Intimate photos of judge spark ethical debate among activists

Leaked photos portraying a judge’s night life stirred heated debate in the Egyptian human rights community about the ethics of using personal information to bring down political enemies.

This week, compromising photos of State Council Judge Naser Abdel Rahman were widely circulated on social media, showing Abdel Rahman interacting with women in night clubs in a purportedly inappropriate manner.

The State Council said Abdel Rahman would be referred to investigation in a statement released on Wednesday.

The council held an urgent meeting Wednesday to discuss the matter, said State Council spokesperson Mohamed Zaki Moussa, adding that the council was “keen to preserve the prestige and integrity of the judiciary, and all measures will be taken to protect the judicial gown from any impurities.”

Abdel Rahman is not currently working for the State Council, but has been delegated to Qatar for three years, a source in the judicial investigations department told the privately owned Al-Arabiya news site.

The incident was preceded in December by another controversy, when Facebook users spotted a Facebook account allegedly belonging to Judge Mohamed Nagui Shehata that appeared to show that he “likes” pornography websites.

Shehata, who has recently overseen trials of leading activists and has been accused of lacking impartiality, also appeared to publicly express his political views against these activists on the Facebook account.

However, the judge denied having a Facebook account, claiming the page in question was fake.

Following the release of the images allegedly implicating Abdel Rahman, human rights activists entered into a general debate around the ethics of exposing the personal lives of public figures with controversial political views.

While some activists said it is unethical to use the personal lives of public figures to seek revenge for their unfair stances against activists, others said that this is not the case when it comes to members of the judiciary.

Human rights lawyer Malek Adly said judges must be held to a strict ethical code to guarantee the judiciary’s integrity and neutrality.

“Some judges have been sent to retirement because they sat in cafes, or were involved in suspicious relationships or gambling,” he said.

Adly criticized the ethical superiority some activists adopt in dealing with the ruling regime’s atrocities. He believes that this idealistic approach has harmed the revolution.

Revolutionaries and activists must be reminded of their insistence that former President Hosni Mubarak not be tried in revolutionary or emergency courts, but be tried according to current Egyptian law, Adly argued.

“What have we gained from this noble approach?” he said. “Mubarak is acquitted.”

But those who opposed the leak of the judge’s photos referred to a recent incident in which personal videos and photos of activist Alaa Abd El Fattah were shown during his trial. Abd El Fattah, who faces charges of violating the Protest Law, had his laptop and mobile phone confiscated when he was arrested. When the prosecution showed the evidence against him and the rest of the defendants, Fattah was surprised to see home videos showing his wife. After a backlash, the judge, who later stepped down from the trial, ordered that the evidence be dismissed.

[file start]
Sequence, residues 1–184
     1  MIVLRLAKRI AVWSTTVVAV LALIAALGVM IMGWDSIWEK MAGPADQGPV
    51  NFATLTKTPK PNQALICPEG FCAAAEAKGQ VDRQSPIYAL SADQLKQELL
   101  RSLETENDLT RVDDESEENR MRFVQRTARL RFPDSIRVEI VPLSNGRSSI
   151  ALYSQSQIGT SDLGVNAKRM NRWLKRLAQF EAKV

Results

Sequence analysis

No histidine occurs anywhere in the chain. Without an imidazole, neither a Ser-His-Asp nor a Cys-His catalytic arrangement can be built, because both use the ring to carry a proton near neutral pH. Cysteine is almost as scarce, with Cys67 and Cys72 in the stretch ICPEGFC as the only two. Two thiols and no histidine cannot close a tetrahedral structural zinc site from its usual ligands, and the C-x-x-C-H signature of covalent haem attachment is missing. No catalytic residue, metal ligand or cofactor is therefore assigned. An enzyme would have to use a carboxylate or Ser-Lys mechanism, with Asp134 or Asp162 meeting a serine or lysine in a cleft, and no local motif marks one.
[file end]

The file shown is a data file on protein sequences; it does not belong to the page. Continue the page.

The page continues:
However, Adly believes that there is a difference between the personal life of an activist or a judge. According to him, judges are compensated by many privileges for giving up some of their personal freedoms in order to meet certain ethical standards, and they are abusing those privileges by violating these standards.

“I’m not a judge, and I do not take endless privileges to compensate for some of my personal freedoms and follow a certain ethical order,” Adly explained.

Activist Khaled Abdel Hamid, who opposes the exposure of the judge’s personal life, takes a more down-to-earth approach.

“What is the benefit of a religious and committed judge if he issues unjust verdicts?” he told Mada Masr. “Injustice is our battle here.”

For Hamid, playing these kinds of games is a losing battle.

“As rights and democracy defenders, we have no control over such images. The state will win in this battle if we decide to play with the same card it uses. We all have similar photos. The state has the willingness to fabricate photos, the state is able to obtain activists’ personal data and control their personal lives to get what it wants. Such a weapon in the hands of the state is a totally different scenario,” he explained.

For him, it is more important to avoid making more enemies than it is to lose supporters.

“This judge is in the State Council. He has nothing to do with the Criminal Court or the Misdemeanor Court. Did we decide to launch our war against the entire tribe of judges? Are we in a general war now?” he asked.

“It has nothing to do with ethics or political correctness,” Hamid argued. “It has to do with formulating a political stance through which we can gain more allies than enemies.”

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